“When you go to heaven, you have a little time to rest, kind of like a vacation, but then you have to get to work,” said four-year-old Courtney. “You have to start thinking about what you have to learn in your next life. You have to start picking out your next family, one that will help you learn whatever it is you need to learn next. Heaven isn’t just a place to hang around forever. It’s not just a place to relax and kick back. You have work to do there.” With additional notes and a bibliography for further reading, Bowman’s book makes a compelling case for reincarnation. A fascinating look at one of Hinduism’s core beliefs.

Return from Heaven: Beloved Relatives Reincarnated Within Your Family By Carol Bowman. Harpercollins Publishers Inc., 10 East 53rd Street, New York, NY 10022 USA.


Healing Plants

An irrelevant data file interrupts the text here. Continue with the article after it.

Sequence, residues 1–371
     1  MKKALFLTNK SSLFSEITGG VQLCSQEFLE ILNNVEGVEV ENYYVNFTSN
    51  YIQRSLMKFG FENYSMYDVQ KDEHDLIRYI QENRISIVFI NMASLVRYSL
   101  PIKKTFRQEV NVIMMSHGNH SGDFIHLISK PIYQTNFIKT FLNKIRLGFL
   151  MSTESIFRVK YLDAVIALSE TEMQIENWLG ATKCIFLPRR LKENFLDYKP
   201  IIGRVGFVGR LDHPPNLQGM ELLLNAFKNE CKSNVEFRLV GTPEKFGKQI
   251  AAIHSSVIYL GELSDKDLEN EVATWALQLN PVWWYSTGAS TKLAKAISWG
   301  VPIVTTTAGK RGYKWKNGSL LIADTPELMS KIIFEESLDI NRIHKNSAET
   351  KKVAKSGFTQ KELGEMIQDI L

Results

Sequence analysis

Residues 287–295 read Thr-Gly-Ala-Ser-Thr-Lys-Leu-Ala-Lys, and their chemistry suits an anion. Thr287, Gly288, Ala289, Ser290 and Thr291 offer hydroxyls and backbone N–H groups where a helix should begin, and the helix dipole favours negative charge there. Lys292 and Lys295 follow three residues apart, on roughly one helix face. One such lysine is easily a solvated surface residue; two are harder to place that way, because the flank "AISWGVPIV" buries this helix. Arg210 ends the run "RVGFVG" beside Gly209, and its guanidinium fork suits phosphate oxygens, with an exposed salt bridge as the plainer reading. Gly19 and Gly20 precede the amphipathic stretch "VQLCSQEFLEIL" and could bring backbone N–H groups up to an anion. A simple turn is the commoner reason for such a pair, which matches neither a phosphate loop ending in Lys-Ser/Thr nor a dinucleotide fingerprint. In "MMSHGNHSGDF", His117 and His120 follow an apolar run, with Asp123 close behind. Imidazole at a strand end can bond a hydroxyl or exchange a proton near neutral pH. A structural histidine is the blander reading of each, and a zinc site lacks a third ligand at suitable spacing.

Contemporary allopathic medicine can trace much of its pharmacopoeia from the forests, grasslands and gardens of the world. Some herbs and plants, used for generations by people in developing countries, have proved so effective in healing that Western pharmaceutical companies have attempted to patent them. One example is the humble tumeric root. Fortunately, turmeric has been used for centuries in India to treat wounds and stomach ailments and was thus declared “not a novel invention” and unpatentable. Starting in 1845, the traditional medicinal plants of India were brought to the Caribbean by indentured Indians. Identification of the curative plants used in the Caribbean by the Indian community has gone largely unnoticed, until recently with the publication of Kumar Mahabir’s wonderful handbook, Medicinal and Edible Plants used by East Indians of Trinidad and Tobago (167 pages, Chakra Publishing House, us$4). Mahabir collected 63 specimens known for their restorative properties, mostly from backyard gardens throughout Trinidad. To encourage layman’s use of this handbook, the plant’s common name is listed first, then the scientific name. Description of botanical details, chemical composition, medicinal, edible and other uses along with pen and ink drawings make for easy identification and use. One of the most commonly known plants for medicinal use,aadi, or ginger, is appropriately the first listing. Of interest for ethno-anthropologists, Mahabir includes folksong lyrics to illustrate the dynamic manner in which this folk knowledge has moved through the generations. The book also includes an extensive bibliography, listing of oral sources and glossary of botanical and culinary terms. Check out this handy kitchen pharmacy guide for any household.